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4 financial tips for the sandwich generation

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4 financial tips for the sandwich generation

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Your parents should have a plan for important legal and financial matters like retirement spending, long-term care and estate planning.
Almost half of Americans in their 40s and 50s are part of the sandwich generation — meaning they have a parent age 65 or older and are either raising a child under 18 or financially supporting a grown child.

In addition to providing support to their children under 18, people in the sandwich generation can often be in the position of providing financial and emotional support to both their parents and their grown children. For example:

  • 38% of people in the sandwich generation say both their grown children and their parents rely on them for emotional support
  • 48% have provided at least some financial support to a grown child in the past year, and 27% provide primary support
  • 32% have provided financial help to a parent in the past year


Here are four tips to help you manage your finances and stress levels:

  1. Take care of your finances first.
    Taking care of your own needs first is true when it comes to your finances. It may be tempting to pull back on retirement savings when you have immediate financial concerns for your parents or children. But the average 65-year-old will live to their mid-80s, and at least one member of a married couple can expect to live to age 90. So it’s important to save enough to make sure you don’t outlive your money — potentially putting your kids on the hook to support you in the future.

    At the very least, make sure you contribute enough to your 401(k) to earn your employer match. Once you’ve covered that first step, consider making an appointment with a financial professional to determine how to round out your retirement planning — whether that means additional 401(k) contributions, a traditional or Roth IRA, an annuity or a combination of those vehicles.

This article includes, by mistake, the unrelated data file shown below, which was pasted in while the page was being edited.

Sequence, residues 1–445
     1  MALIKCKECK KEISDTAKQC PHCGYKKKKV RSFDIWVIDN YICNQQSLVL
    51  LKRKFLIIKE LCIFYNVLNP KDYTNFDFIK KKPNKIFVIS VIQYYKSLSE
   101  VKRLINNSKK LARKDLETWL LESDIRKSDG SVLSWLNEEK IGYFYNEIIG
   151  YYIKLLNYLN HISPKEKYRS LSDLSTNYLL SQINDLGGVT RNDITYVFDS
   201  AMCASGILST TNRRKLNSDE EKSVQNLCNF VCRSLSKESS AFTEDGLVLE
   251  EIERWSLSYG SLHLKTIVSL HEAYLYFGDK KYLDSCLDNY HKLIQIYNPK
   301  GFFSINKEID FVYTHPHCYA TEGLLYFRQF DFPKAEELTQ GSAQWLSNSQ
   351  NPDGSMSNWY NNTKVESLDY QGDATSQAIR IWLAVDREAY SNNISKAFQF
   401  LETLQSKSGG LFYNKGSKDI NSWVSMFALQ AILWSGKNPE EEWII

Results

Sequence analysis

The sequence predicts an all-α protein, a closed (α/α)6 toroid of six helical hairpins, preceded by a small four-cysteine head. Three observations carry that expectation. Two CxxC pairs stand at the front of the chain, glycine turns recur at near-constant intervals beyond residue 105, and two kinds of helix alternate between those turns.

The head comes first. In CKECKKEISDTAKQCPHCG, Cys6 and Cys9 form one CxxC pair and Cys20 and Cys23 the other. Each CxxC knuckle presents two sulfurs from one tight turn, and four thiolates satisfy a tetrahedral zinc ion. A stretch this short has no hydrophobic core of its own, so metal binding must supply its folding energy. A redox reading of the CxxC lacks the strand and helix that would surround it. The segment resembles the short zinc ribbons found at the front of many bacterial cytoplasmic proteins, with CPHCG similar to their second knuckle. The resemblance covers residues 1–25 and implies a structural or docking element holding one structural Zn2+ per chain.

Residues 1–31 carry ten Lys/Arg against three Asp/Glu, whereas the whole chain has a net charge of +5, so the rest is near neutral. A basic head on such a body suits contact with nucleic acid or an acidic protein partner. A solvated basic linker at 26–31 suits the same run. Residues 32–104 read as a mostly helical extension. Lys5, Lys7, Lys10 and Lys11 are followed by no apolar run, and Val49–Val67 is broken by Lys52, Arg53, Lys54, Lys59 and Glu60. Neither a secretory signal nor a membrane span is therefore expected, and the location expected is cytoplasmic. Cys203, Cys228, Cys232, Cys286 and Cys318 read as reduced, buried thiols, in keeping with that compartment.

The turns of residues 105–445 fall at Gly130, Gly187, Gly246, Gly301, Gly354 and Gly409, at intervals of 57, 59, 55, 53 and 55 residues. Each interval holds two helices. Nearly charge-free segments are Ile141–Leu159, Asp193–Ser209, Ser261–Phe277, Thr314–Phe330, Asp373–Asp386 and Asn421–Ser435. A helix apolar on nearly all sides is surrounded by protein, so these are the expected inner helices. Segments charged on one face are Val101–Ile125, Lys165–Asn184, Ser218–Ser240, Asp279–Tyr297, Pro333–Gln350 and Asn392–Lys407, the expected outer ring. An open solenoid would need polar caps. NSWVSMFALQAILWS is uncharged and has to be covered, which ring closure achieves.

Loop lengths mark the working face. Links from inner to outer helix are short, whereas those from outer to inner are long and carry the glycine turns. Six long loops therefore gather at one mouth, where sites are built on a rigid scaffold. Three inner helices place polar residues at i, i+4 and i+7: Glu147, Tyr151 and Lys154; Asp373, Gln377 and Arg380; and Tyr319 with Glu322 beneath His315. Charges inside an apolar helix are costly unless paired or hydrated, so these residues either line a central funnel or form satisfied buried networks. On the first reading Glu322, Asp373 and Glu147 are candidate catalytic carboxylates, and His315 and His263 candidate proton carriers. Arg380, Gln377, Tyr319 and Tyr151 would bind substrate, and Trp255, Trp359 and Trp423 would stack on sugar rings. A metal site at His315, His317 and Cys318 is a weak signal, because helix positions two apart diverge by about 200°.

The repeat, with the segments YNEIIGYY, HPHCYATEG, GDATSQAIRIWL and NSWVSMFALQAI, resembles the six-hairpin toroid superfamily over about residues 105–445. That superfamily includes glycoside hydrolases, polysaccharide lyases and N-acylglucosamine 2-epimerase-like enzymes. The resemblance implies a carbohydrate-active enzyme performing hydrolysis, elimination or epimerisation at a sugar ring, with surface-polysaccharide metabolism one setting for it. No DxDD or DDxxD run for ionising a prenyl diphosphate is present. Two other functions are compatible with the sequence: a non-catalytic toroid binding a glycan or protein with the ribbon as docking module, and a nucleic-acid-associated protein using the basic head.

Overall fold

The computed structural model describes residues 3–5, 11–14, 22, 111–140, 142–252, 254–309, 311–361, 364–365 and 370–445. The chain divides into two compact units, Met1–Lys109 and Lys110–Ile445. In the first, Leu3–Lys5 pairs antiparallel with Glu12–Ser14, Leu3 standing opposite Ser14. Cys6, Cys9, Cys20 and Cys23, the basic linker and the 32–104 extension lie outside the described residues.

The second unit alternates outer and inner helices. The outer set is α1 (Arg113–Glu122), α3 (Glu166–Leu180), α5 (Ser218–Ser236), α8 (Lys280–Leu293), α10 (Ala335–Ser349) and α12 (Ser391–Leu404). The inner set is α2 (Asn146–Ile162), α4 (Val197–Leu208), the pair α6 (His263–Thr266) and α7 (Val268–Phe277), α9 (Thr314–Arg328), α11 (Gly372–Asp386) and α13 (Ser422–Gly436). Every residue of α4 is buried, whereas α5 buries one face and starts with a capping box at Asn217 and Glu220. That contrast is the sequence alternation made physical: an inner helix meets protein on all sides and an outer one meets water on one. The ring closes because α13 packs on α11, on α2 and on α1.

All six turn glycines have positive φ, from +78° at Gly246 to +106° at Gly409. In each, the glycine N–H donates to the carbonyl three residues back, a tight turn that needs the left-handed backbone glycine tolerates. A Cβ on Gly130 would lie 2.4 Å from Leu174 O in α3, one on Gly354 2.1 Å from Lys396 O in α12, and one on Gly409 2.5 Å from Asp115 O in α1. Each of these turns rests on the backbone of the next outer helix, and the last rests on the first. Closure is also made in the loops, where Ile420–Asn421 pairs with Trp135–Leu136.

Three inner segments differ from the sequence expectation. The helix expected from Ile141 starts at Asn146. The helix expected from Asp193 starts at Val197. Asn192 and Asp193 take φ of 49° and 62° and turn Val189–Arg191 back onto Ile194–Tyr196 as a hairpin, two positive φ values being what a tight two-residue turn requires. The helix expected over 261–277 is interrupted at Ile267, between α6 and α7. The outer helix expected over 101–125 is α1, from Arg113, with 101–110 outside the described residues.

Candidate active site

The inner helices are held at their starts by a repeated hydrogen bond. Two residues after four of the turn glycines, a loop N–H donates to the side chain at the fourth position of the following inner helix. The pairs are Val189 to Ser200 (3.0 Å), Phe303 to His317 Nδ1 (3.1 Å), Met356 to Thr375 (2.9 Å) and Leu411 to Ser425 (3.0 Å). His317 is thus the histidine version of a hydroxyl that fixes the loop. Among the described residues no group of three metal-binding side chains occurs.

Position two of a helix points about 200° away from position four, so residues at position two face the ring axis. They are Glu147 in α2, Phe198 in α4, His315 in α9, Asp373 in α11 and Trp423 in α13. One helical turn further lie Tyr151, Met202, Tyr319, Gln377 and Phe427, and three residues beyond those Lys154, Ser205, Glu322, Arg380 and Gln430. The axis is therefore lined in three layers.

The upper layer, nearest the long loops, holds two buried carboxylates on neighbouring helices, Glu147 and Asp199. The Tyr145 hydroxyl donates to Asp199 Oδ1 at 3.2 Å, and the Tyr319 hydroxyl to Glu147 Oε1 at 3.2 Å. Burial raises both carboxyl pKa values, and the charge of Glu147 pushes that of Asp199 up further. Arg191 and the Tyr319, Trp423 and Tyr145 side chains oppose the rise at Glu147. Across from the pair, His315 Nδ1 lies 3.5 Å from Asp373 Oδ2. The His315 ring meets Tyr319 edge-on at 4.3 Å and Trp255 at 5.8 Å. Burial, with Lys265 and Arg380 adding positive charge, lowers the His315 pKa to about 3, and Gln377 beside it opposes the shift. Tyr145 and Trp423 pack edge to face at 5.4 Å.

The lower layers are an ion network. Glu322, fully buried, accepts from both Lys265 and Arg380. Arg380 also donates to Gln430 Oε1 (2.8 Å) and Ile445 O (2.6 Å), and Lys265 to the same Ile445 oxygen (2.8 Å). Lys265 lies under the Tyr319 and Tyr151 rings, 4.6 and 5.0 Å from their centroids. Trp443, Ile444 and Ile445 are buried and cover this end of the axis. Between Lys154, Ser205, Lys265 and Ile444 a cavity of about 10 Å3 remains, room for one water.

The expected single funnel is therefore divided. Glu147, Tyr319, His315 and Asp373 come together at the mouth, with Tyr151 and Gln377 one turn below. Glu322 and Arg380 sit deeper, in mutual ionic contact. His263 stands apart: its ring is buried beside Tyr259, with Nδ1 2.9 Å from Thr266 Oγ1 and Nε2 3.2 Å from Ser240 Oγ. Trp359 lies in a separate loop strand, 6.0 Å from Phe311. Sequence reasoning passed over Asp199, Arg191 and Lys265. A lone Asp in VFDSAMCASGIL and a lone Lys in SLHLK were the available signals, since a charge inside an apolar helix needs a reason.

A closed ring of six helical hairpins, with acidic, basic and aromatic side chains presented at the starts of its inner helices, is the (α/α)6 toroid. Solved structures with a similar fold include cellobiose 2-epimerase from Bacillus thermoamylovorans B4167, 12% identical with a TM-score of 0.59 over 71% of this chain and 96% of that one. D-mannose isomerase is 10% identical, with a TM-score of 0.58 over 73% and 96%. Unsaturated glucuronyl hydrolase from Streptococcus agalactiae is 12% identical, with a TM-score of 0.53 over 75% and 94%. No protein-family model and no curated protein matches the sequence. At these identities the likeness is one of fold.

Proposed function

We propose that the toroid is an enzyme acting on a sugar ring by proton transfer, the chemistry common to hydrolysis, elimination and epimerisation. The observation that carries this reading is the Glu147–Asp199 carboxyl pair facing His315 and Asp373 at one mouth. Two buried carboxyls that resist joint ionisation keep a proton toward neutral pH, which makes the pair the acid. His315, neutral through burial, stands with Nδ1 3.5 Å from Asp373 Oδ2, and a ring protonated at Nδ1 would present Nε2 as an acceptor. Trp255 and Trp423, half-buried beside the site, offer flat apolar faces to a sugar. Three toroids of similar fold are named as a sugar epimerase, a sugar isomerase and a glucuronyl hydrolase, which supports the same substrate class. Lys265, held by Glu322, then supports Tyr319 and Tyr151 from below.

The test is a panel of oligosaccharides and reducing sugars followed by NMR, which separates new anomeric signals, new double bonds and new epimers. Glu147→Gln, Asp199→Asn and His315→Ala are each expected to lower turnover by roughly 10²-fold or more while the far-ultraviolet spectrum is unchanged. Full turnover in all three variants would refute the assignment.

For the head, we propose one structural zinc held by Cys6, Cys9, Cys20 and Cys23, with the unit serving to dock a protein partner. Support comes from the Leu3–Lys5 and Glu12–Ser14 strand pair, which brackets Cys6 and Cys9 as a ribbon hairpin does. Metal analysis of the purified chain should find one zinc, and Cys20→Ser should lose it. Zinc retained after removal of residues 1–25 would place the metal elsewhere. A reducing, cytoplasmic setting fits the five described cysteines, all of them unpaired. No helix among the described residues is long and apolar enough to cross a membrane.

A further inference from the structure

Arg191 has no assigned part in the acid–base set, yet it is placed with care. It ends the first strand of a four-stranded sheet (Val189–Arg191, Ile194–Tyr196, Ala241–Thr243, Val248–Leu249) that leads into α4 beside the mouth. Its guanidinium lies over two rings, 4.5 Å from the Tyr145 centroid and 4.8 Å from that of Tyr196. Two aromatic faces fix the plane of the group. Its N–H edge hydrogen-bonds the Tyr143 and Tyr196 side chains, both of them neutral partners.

2. Work with your children on a financial plan.
    No matter your kids’ ages, they can be a part of planning for their financial futures. If your child is under 18, talk to them about your household budget, perhaps have them pay a portion of their personal expenses such as their cell phone bill, and talk to them about their post-high school plans. The cost of college tuition is increasing at about twice the consumer inflation rate. So if college is going to be part of the equation, the sooner you start saving, the better. Consider working with a financial professional who specializes in college planning to help determine your best college-savings approach — as well as other steps you can take to minimize the cost of college.

    If your adult child still needs financial assistance post-college, work with them on a budget and let them know how much you’re willing to contribute. Instead of paying down college loans or other debt for them, help them gain personal responsibility by offering to match any loan payments they make beyond the minimum payment, for instance. Help them find ways to reduce their expenses, such as moving back home for a year or two while they focus on paying off debt or building savings.

  3. Help your parents plan.
    Your parents should have a plan for important legal and financial matters like retirement spending, long-term care and estate planning — including key documents like wills, trusts, advanced health care directives, and medical and financial powers of attorney. If they already have a plan, take some time to have a conversation with them to help you understand your role. If they don’t have a plan, help them work with appropriate financial and legal professionals to get a plan in place.

  4. Know your limits.
    Maybe you’re willing to pay for your daughter’s cell phone bill or let her live with you for her first year or two after college, but need her to become more independent after that. Maybe you’re okay with helping manage your parents’ financial and legal affairs, but don’t want to provide in-home personal care.

    Whatever your limits — and these may evolve over time — make sure to keep communication lines open with both your parents and your children. If you are a physical caretaker, know your limits that way also. Take the time to take care of yourself emotionally and physically to help avoid caregiver burnout.

Life changes and your financial plan should change with your needs. Discuss life events with a financial professional who understands to see how these changes may affect your financial goals and strategy.

At JenniferLangFinancialServices.com we specialize in annuity solutions to help make your retirement dreams a reality.